“I hate cats,” he said. “But this guy, he was my wife’s cat. When she left me, he stayed around. Little rascal wormed his way into my heart.”
Mark thought he was going to Saudi Arabia to stay. He rejoined the Army to get away from his troubles. God had other plans, of course. I’ve heard He moves in mysterious ways.
Let me repeat: Mark is a nice guy. He loves Jesus. I believe him.
Did I mention he’s not a licensed mechanic? He confided this up front. His shirt bears the log of Faith Quest Ministries, WFJ 24/7. Working for Jesus, 24/7, baby!
That’s where we stand, as of 1:42 p.m. Thursday.
Mark has no idea what he’s doing, does he?
And who’s the idiot here?

Friday, April 5/Saturday April 6

Mark in his office at Faith Quest Ministries. WFJ, baby.

Mark in his office at Faith Quest Ministries. WFJ, baby.

And so, a quick recap of yesterday’s behemoth-related tomfoolery:
We returned to the WFJ Garage after 4:30. Mark tried the mass airflow meter. It didn’t change anything. He ripped it out and reinstalled the old one. He tried the throttle position sensor. Same thing. He was working his ass off. To no avail.
At the 11th hour, he wondered about the O2 sensor. If I had a hundred dollars for every time someone mentioned the O2 sensor in connection with our illuminated “check engine” light, I’d have at least a grand. He ordered the part and invited us to return in the morning.
Friday morning dawned wet, both outside the camper and in. Now we have another problem. Mark called around 8:30 and told us the part wouldn’t arrive till after lunch. We loitered about, went to the adjacent McDonald’s, got precious little accomplished and drove over that well-traveled dirt path to the WFJ Garage sometime around 1.
Oh, I forgot. One more anecdote about Thursday night. It comes under the “Things could always be worse” header. Mark’s phone rang while he was puzzling over our engine. It was Anna.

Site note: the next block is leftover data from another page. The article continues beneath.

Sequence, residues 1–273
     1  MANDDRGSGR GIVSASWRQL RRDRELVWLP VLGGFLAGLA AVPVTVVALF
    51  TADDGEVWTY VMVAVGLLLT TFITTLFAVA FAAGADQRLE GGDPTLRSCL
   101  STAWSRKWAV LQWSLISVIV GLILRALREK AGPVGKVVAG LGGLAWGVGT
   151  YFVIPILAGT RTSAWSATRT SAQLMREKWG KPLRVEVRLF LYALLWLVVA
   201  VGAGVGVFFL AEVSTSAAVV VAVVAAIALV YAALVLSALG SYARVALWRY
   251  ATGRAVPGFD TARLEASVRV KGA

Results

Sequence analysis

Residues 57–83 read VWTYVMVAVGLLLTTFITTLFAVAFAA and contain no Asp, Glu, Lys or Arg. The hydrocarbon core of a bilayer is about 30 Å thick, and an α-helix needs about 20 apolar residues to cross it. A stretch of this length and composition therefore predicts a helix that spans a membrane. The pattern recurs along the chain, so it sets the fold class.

Anna has a white van. Mark diagnosed her problem as a leaky water pump. Now he had to tell her it’s not the water pump. It’s the intake manifold. All I could think is we gotta get out of here before we have a blown head gasket.
“I’m going to have to pull the whole top of the engine off that thing,” he said with a weary shrug.
Oh, poor Anna. And poor Mark. He says his boss at FQM pays him a stipend of $100 a week, plus room and board. The boss? His name is David Bliss. He’s a rosy-cheeked, well-fed fellow who goes by the name of David Bliss.
Becky calls him “Big Daddy Bliss.”
Anyway. There we stood. Mark went to work on removing the old O2 sensor. Our friend Mark Badgley had tried to do the same on the beach Tuesday. He couldn’t get it off, so he gave up. Mark II succeeded where Mark I had failed.
He popped in the new O2 sensor. I started the engine. Damn if it didn’t purr. He reset the computer. Check engine light off. Hallelujah!
We went into his office. He drew up the bill. One hundred dollars, 19 cents. I gave him $100.25. I let him keep the six cents. Big Daddy Bliss had said earlier that we couldn’t pay him for the labor, but we could give a “love offering.”
I thought about how hard Mark had worked. I thought about how he really deserved a tip. But I figured it best to wait and see.
I collected Becky and Max. We drove across town, looking for Warnick building supply. Big Daddy Bliss told us we’d find waterproof tape there. Forty bucks a roll, but it’s a Godsend for leaks. That’s what he uses on all his RVs (here at FQM, they recondition old RVs and lease them to down-and-out folks in need of homes. Mark says the cost to the lessee is about $450 a month on a $5,000 lease.
We drove, happy as if we had been born again. I felt more than a little bad about my lack of faith in Mark. The check engine light stayed off, and the behemoth ran smoother than I can remember. We got all the way across 16. We passed Rick’s Muffler Shop, which had been recommended to me by a nice guy on the beach Tuesday who had stopped for a while to puzzle over our engine with Mark Badgley and a bloke named Andy from Seattle, a Boeing retiree who wore a Mariners tank top and chain smoked Marlboro lights.
Anyway, we came upon Johnny’s Cafe, which was our signal to turn left across Route 1. Just as I merged into the left-turn lane, the engine died. Died. I turned the key. It didn’t start. I turned the key again. Still no luck.